Helping organize the chaos is Mike LaFontaine (Fred Willard), a one-time tv star with a fondness for catch phrases. Like he did in Best in Show, Willard steals the show. His monologues, full of non sequiturs and fast-paced one-liners, are hilarious. And his suggestions for how to update folk music are wonderfully inappropriate, reminding us of how rigid the genre's parameters are.

As Spinal Tap did so many years ago with heavy metal, A Mighty Wind is pitch-perfect in its skewering of folk. Christopher Guest begins each verse with an out-sized vibrato that echoes Peter, Paul & Mary and other troubadours. The battle between purity and commercialism finds its expression in the contempt The Folksmen have for the New Main Street Singers. And folk's latent racism (has there ever been a whiter genre of music?) is exposed as The Folksmen sing a poorly-chosen, Caribbean-influenced number.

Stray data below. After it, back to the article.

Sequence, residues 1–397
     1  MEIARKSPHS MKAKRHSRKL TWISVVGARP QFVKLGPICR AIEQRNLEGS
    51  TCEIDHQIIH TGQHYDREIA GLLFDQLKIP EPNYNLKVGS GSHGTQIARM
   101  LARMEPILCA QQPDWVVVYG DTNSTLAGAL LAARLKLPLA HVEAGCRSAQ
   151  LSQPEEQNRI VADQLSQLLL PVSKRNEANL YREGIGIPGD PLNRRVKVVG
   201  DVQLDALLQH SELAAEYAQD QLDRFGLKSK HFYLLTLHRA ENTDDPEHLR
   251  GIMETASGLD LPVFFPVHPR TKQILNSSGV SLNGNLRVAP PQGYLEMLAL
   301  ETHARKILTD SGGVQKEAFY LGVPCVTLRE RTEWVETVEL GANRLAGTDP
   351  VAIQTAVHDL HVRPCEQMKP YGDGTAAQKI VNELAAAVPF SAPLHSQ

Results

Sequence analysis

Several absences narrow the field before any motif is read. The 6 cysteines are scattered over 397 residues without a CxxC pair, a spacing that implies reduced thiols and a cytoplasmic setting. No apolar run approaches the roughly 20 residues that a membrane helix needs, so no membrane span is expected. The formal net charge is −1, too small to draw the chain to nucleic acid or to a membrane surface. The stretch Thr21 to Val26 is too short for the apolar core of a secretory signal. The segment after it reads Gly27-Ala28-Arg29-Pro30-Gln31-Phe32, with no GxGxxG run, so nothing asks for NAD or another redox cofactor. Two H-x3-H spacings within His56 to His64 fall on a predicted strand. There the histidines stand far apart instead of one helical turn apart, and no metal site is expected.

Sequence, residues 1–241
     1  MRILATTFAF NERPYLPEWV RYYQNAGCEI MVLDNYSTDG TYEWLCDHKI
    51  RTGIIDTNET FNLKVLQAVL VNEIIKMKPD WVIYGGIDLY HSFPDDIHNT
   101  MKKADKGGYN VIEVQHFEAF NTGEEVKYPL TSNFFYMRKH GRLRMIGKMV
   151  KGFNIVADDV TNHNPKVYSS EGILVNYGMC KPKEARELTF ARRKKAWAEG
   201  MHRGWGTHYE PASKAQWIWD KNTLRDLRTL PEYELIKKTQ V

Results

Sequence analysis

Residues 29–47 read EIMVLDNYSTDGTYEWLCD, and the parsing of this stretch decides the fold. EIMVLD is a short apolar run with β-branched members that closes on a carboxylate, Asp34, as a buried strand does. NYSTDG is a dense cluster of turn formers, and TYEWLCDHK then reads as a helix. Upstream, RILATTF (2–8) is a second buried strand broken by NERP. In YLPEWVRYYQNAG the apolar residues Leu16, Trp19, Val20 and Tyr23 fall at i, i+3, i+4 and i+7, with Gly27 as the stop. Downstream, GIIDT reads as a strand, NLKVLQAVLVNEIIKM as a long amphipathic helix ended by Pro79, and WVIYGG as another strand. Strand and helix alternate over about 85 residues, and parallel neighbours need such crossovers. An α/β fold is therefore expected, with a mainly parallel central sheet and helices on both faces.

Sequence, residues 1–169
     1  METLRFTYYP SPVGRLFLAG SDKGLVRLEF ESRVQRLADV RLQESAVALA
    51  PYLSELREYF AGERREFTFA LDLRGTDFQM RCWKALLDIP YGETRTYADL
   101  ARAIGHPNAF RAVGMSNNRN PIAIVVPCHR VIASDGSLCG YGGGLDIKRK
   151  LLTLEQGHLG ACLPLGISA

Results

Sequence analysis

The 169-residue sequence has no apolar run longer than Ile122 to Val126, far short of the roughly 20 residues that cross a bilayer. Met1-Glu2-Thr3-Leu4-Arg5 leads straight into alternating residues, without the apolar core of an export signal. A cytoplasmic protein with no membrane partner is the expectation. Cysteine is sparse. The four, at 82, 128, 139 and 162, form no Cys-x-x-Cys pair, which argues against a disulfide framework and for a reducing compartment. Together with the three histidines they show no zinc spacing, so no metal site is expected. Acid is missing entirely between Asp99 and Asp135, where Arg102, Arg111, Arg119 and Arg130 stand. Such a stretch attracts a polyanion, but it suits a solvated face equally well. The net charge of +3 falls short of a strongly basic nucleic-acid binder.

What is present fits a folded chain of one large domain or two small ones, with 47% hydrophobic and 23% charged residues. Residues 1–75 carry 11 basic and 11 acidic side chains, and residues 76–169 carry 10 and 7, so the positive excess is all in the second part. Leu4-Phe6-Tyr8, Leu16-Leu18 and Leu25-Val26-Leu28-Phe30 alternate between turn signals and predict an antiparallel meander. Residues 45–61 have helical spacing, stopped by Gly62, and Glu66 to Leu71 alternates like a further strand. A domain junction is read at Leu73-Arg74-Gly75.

But just when it appears that the concert will fall apart in a stew of personality tics and recriminations, Guest and his co-screenwriter Levy pull their punches. Unlike Best in Show and Waiting for Guffman, which
delighted in screaming matches and on-stage meltdowns, A Mighty Wind is much kinder to its characters, more sensitive to their travails. The movie is even touching in places, particularly in a sweet, beautiful song that Mitch and Mickey sing to each other. This makes for a softer brand of comedy; it's less a bust-out-loud-laughing movie and more a smile-on-your-face film.

This doesn't mean there aren't some great jokes. One line in the title song, which can't be repeated in a family paper, had our audience laughing so hard that we missed the next two minutes of dialogue. And Eugene Levy as Mitch stumbles through the movie in a psychosis-influenced trance. A flashback to his solo albums--Cry for Help and Calling It Quits--is brilliant.